By Nancy Degnan
Jennie Dillion Heneks’s superpower is giving the gift of life through blood donations.
Jennie was inspired to become a blood donor with the American Red Cross after her son, Des, became ill with Kawasaki disease (KD). He needed an immediate blood treatment, and Jennie gained a new appreciation for blood donors as she watched her 4-year-old son receive the intravenous immune globulin (IVIG) that would help him recover.
Jennie and Des want to create awareness around recognizing the onset of KD, the importance of quick intervention, and the lifesaving value of blood. KD is a rare condition that mainly affects children; it causes swelling in the walls of medium-sized arteries throughout the body. The inflammation tends to affect the coronary arteries, which supply blood to the heart muscle. When Jennie initially brought her son to the emergency room, Des had a high fever and couldn’t walk due to foot pain and peeling on his toes. These are symptoms noted in the second phase of the disease. (In the third and final phase, signs and symptoms slowly subside.)
The good news is that most kids with KD recover completely, but early action is key. There’s a knowledge gap when it comes to diagnosing KD, and that can result in unnecessary delays. Within the 10-day window of the onset of the condition, parents are important advocates for their kids in dealing with health care providers. Symptoms to watch for: a fever that lasts three to four days, redness in both eyes, a very red and swollen tongue, redness of the palms or soles, skin peeling, a rash, and swollen lymph nodes.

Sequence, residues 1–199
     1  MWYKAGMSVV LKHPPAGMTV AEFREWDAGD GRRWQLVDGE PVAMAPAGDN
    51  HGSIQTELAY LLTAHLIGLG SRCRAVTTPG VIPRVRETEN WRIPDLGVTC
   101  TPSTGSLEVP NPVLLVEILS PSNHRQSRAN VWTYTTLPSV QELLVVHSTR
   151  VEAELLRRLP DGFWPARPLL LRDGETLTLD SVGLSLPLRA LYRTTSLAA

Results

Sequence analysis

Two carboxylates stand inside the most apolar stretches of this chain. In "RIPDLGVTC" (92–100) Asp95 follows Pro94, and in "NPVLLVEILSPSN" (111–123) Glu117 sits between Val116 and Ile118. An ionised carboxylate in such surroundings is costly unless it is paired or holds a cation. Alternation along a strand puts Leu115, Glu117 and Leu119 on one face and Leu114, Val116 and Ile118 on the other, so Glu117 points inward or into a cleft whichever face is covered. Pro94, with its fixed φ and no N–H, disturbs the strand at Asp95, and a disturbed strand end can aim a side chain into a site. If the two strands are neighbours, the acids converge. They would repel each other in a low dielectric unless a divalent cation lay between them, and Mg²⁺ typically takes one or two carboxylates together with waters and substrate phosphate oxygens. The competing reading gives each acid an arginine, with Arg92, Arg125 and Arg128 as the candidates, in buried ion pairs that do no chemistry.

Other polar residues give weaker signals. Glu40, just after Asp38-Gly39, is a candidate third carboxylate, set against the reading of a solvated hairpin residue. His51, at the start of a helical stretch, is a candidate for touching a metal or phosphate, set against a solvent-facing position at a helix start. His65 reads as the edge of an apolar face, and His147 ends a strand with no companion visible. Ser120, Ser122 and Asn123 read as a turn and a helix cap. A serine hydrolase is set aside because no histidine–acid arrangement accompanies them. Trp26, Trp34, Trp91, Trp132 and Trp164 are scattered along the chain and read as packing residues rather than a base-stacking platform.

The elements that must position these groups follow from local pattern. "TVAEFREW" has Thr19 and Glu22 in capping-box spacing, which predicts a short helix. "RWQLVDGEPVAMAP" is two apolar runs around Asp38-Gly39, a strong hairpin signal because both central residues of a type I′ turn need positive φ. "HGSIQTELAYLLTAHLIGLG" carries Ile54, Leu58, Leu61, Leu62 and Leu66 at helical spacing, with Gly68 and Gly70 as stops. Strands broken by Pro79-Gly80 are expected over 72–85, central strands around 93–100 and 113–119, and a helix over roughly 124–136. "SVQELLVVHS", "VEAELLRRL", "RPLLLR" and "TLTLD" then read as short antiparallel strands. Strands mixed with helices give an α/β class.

As mentioned, recognizing the early signs—ideally during the first phase—is key. When KD is diagnosed and treated within the first 10 days, there’s a better chance of full recovery without residual problems. The longer the symptoms progress, the higher the likelihood of long-term damage and the need for ongoing treatments.
Jennie is thankful that the on-call doctor at Children’s Hospital of Philadelphia was a cardiologist familiar with KD. Thanks to the rapid diagnosis, Des was treated with one IVIG treatment over the course of 36 hours and observed in the ICU for the next seven days to ensure his recovery.
Today, Des is a healthy 13-year-old with a black belt in karate. He is living a full life, thanks to the blood treatment he received at age 4.
Jennie and Des are heroes with heart. Jennie is giving life by giving blood, and with the help of her son, she is creating awareness of the symptoms associated with KD. By helping parents and doctors recognize the early warning signs, she hopes young patients with KD can recover quickly and keep sharing their smiles!